In light of these concerns, Secretary of Education Arne Duncan announced in early June that the Department of Education would move back the timeline for the states receiving ESEA waivers. States would have until the 2016-2017 school year to overcome challenges.

Supporters of the new evaluations contend significant advances have addressed many of these early concerns. Evaluations in many states are based on several measures of student performance, not just statewide standardized tests. And in most states, districts can use approved alternatives to evaluate educators who teach subjects without standardized tests.

The SAS Institute, which develops software systems for states to use for these kinds of teacher evaluations, urges states and districts to look at three years or more of student test scores when evaluating a teacher. “Although it may be difficult to measure the progress students are making,” says Nadja Young, an education specialist in State and Local Government Practice at the SAS Institute, “sophisticated models now exist that are being used in the states that successfully measure students’ academic growth and the teacher’s role in it.” 

Keys to Success

Strong outreach and effective communication are essential in conveying the value and validity of the new evaluations to teachers and the public. It is important to include teachers and principals in developing the new evaluation system, to have an ongoing dialog among the state and local school districts, and to invite the public’s input.

“Getting teachers on board is a major challenge for states,” says Ellen Behrstock Sherratt of the American Institutes of Research. “Teachers who haven’t been authentically consulted from the beginning aren’t going to want to hop on a bandwagon. But it’s never too late to bring teachers into the conversation through focus groups or task force membership.”

Sherratt and her colleagues direct a program called “Everyone at the Table,” which provides materials and assistance to states and districts to involve teachers in the conversation. She points to Washington state as a good example of how to do it right. Officials there conducted focus groups at regional educator forums, supported local discussions with the public, and regularly convened a workgroup to talk about new policies with teachers and get their views on what was working well and what needed improvement.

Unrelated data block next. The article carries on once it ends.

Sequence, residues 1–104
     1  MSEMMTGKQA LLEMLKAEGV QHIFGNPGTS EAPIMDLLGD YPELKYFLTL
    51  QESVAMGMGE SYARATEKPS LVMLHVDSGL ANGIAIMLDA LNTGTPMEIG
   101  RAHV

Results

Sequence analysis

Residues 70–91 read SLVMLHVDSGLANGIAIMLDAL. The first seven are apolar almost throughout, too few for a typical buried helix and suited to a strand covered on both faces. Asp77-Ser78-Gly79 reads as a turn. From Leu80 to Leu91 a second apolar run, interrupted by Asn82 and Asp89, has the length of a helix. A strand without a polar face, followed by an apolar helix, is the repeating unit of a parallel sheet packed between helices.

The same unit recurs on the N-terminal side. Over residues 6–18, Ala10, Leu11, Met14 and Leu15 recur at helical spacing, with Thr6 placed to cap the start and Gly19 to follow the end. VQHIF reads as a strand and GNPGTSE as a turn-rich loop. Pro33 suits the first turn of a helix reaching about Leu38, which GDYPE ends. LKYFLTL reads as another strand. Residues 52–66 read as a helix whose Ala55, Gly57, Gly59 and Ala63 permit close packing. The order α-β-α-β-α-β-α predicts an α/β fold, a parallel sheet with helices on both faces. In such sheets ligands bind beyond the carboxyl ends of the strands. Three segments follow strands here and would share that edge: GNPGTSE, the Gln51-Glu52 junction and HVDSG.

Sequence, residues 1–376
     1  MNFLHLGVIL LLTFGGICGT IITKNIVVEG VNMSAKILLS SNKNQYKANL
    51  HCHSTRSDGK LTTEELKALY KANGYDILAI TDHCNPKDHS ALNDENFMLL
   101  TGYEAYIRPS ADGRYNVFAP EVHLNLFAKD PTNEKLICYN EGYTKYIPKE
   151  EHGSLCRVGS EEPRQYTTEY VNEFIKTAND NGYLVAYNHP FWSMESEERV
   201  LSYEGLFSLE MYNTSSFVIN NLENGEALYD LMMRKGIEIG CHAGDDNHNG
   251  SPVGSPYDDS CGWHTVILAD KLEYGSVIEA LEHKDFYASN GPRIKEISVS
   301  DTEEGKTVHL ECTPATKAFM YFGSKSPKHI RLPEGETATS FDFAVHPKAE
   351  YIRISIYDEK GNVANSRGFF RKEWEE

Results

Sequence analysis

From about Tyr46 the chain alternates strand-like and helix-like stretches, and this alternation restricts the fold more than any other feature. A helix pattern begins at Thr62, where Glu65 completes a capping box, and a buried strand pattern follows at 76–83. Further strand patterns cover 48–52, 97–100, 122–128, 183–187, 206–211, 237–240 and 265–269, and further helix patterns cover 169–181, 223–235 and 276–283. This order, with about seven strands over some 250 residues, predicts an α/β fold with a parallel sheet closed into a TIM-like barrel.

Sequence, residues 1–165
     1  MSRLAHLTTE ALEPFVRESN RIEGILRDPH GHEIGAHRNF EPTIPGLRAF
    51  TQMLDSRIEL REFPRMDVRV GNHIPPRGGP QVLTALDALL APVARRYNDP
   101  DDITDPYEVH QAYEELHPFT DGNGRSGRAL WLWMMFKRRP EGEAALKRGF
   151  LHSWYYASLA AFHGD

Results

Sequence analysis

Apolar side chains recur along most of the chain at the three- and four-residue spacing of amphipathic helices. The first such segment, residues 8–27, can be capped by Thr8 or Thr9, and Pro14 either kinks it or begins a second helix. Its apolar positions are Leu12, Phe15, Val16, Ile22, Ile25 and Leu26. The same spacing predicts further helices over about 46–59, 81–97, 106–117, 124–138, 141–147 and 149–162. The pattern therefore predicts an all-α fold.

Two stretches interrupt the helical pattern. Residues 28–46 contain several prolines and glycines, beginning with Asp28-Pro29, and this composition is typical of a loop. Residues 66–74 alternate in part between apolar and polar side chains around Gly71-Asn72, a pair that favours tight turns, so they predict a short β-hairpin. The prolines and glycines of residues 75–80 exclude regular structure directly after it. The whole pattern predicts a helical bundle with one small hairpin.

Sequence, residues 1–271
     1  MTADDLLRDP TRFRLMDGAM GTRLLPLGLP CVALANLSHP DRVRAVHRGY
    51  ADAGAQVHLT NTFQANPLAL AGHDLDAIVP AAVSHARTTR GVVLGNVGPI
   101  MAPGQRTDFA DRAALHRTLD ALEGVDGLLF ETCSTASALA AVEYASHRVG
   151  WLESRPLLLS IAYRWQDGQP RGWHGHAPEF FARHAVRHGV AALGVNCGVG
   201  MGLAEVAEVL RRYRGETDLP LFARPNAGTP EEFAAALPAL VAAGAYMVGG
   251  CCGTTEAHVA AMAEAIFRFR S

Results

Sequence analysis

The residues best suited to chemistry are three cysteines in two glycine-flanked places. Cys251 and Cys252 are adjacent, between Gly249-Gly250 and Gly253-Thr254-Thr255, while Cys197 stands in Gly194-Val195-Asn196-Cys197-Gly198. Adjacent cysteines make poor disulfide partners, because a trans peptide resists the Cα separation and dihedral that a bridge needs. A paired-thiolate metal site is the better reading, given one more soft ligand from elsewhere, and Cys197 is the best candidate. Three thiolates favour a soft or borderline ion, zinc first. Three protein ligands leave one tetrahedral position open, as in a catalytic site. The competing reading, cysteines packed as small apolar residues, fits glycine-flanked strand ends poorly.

Collyar says Denver, too, has invited collaboration among teachers, administrators and the union throughout the process. Feedback has been “encouraged, welcomed and acted upon each year,” she says.

Ample time and funding to establish an evaluation program also are critical to success. States that did not receive Race to the Top funds have struggled to ensure that their state and local education agencies have the staff and funding needed to successfully adopt the new systems.

This new area of work is complex and evolving. States and districts might want to consider starting with a pilot project—proceeding first with locally developed and initiated programs, then making any necessary adjustments before going full scale.

For states already moving forward with this effort, consistent review and analysis are important to determine if programs are leading to better teaching and, ultimately, to improved student learning.

After all, that’s why most teachers enter the profession—to make a world of difference in their students’ lives. Maybe that’s why Collyar has found most teachers welcome her observations and critiques. “They appreciate an honest evaluation, and most are eager to improve.” That should earn an “A” for effort, at least.

Across the Nation

Most states have made some kind of change to their teacher evaluation policies in recent years. Widespread changes, according to the Center for Public Education, include the following reforms.

  • Forty-seven states require or recommend that teachers be included in designing new evaluation systems.
  • Seventeen states give districts some flexibility in developing evaluations systems.
  • Twenty-one states allow districts to develop their own systems with few restrictions.
  • Forty-six states require or recommend that teacher evaluations include some measure of how the teacher influences students’ achievement.
  • No state evaluates teachers on student test scores alone.
  • Every state requires that classroom observations be part of the evaluation process.
  • Thirty-three states require or recommend at least annual observations.
  • Forty-one states require or recommend that evaluations consist of several measures of performance. 
  • Thirty-one states target professional development opportunities based on evaluations. 
  • Thirty-two states allow districts to dismiss teachers after several years of poor evaluations.

Source: The Center for Public Education, Trends in Teacher  Evaluation Report, October 2013

Michelle Exstrom directs the educator effectiveness, education finance, Common Core and assessments projects at NCSL.